“Shopping in Hong Kong is no longer a bargain for Chinese tourists. The traveling Chinese consumer is now opting for alternative destinations like South Korea, Japan, or Greece. These are places with a little bit more character, a distinct point of view, or places that offer experiences beyond shopping,”  Saisangeeth Daswani, Advisory Strategist at innovation and trend research corporation, Stylus, told Observer.com.

    The evolving tastes and aesthetic of the Chinese consumer seem to be another important factor responsible for the retail shift. While Hong Kong offers some of the best-known designer stores in the world, it fails to attract the increasingly sophisticated and well-informed shoppers from abroad. Both domestic and foreign consumers in the city have become smarter about where to find products for the lowest prices and demand more in return for their money.

    “What’s key for luxury brands in Hong Kong is to consider the consumer’s changing mindset and offer more immersive, unconventional and discovery-based experiences,” said Daswani. “The luxury brands have been too focused on products, prices and sales. Consumers want more from their purchases than simply getting their hands on the latest accessory, they want an experience, a story to tell.”  Studies indicate that Chinese consumers now look to distinguish their choices from the most obvious mainstream brands and regular edition products. Flashy logos and shiny watches just don’t hold as much appeal as they did anymore.

    “The Asian consumer’s style sense is evolving, and their fashion purchasing behavior is becoming more European. The appeal of the preppy look is diminishing and people don’t see the need to buy luxury when attractive premium brands offer similar looks,” agreed Jaana Jätyri, CEO at trend forecasting agency, Trendstop.

    louis vuitton, fashion, luxury, hong-kong

    Since most of the luxury category brands are only accessible to the Chinese shopper who is able to travel beyond China, many have opted to simply shop online, much like the American consumer.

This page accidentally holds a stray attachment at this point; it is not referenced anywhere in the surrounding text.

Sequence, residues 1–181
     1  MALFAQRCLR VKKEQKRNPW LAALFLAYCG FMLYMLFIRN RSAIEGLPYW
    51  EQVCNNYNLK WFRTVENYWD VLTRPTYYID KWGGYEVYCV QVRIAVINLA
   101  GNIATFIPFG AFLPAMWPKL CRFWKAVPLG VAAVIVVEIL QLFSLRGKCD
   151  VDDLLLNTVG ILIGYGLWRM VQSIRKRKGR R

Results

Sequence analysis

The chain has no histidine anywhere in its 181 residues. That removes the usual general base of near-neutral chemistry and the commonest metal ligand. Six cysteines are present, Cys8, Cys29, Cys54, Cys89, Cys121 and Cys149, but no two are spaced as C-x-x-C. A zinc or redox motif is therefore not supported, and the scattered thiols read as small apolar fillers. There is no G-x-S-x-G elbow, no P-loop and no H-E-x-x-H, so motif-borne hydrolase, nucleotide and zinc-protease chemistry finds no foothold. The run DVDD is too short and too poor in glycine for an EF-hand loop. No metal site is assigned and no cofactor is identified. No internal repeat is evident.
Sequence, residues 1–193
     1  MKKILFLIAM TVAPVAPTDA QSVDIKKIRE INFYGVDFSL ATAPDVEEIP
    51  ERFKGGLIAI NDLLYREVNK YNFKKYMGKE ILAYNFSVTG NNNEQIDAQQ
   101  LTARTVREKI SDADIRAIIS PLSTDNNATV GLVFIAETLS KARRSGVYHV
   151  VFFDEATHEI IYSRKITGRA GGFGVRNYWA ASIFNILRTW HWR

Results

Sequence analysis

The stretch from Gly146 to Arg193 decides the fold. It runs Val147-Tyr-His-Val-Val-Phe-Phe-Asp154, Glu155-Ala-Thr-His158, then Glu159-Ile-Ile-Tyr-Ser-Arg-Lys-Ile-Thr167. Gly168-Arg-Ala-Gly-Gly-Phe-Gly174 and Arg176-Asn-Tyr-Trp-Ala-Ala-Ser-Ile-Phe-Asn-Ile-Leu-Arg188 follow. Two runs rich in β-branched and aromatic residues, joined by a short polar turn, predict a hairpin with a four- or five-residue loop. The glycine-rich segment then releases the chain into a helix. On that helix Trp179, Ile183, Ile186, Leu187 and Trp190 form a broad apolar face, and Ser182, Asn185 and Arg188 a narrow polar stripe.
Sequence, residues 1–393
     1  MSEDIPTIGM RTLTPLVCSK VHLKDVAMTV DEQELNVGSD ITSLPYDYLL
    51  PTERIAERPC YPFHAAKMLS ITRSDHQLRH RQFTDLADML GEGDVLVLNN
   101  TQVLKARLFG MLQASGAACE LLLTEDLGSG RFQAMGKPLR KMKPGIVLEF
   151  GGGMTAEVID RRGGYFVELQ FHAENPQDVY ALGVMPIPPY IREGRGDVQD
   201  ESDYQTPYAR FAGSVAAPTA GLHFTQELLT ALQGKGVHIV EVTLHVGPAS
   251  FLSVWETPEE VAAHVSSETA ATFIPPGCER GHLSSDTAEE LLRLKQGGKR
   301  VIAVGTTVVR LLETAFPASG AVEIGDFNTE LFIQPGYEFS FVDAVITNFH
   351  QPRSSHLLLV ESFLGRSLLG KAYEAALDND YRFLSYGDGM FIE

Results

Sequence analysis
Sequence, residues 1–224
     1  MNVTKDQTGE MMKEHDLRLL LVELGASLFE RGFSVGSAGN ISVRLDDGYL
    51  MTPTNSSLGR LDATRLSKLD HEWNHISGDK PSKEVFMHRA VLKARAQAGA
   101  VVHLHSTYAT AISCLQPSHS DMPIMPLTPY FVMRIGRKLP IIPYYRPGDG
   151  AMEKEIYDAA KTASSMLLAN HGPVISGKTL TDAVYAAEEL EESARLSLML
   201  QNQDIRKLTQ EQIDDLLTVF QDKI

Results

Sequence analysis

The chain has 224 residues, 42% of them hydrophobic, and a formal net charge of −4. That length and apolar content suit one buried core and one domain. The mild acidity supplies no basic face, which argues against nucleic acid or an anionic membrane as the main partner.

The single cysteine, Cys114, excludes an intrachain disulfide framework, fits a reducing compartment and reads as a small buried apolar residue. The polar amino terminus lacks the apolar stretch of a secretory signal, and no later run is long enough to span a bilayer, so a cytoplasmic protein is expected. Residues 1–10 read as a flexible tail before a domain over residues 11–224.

Prada, which also closed much of its primary stores in the city, indicated the brand will now cater to the Chinese market through e-commerce. “The Hong Kong closure is part of a worldwide, strategic realignment of brand retail channels. Over the next two years, Prada will strengthen its own e-commerce platform, giving priority to China, Hong Kong and Singapore with the objective of achieving global reach,” an official spokesperson for the company told the Observer.

    prada, fashion, luxury, hong-kong

    While this could eventually strengthen a new shopping model for the country, unfortunately it means more woes for Hong Kong’s traditional retail market. However, Daswani believes all hope is not lost. As retail rents in Hong Kong continue to fall as a result of high end departures, mid-market, ‘contemporary fashion’ and affordable luxury brands are jumping in. Moreover, analysts predict that if the exchange values of the HK dollar stabilize in 2017 leading into increased consumer confidence, retail sales may slowly recover during 2018 in Hong Kong, albeit in a different kind of retail store.

    Whether the city will regain its status as a hot shopping heaven, only time will tell. As of now, an overall uncertainty clouds the Hong Kong luxury market, and it’s up to the retailers to adapt to the new consumer interests and adjust to this broadening notion of luxury. Elsewhere, shoppers are experiencing a rise in customization offers, one offs, local exclusive pieces, limited editions and in-store exclusive events, Hong Kong retailers may need to catch up.

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    In 2017’s, #luxury brands will have to work a lot harder to sell their pricey goods | @adetem @

    FROM QUARTZ MEDIA LLC | WRITTEN BY MARC BAIN | 24 JANUARY, 04 2017

    Last year was a bad one for many companies selling expensive fashion, handbags, and jewelry. For the first time since the financial crisis of 2008, the global market for personal luxury goods failed to grow, stalling at €249 billion (about $258 billion).

    luxury, china, fashion, growth, bnp, exanebnp

    The good news is that 2017 should see a return to growth, according to a Dec. 28 report on the global luxury market by management consulting firm Bain & Company, only it won’t look anything like the boom years from 2010 to 2015, when global sales of such goods jumped 45%, fueled by Chinese consumers with high-end appetites. The slowing of China’s economy and its government’s ongoing crackdown on corruption, paired with turmoil in the US and Europe from Brexit, terrorism, and the US presidential election, have created a “new normal” of low single-digit growth and intense competition. The years ahead will produce “clear winners and losers,” Bain says, determined by which brands can read the field and respond best.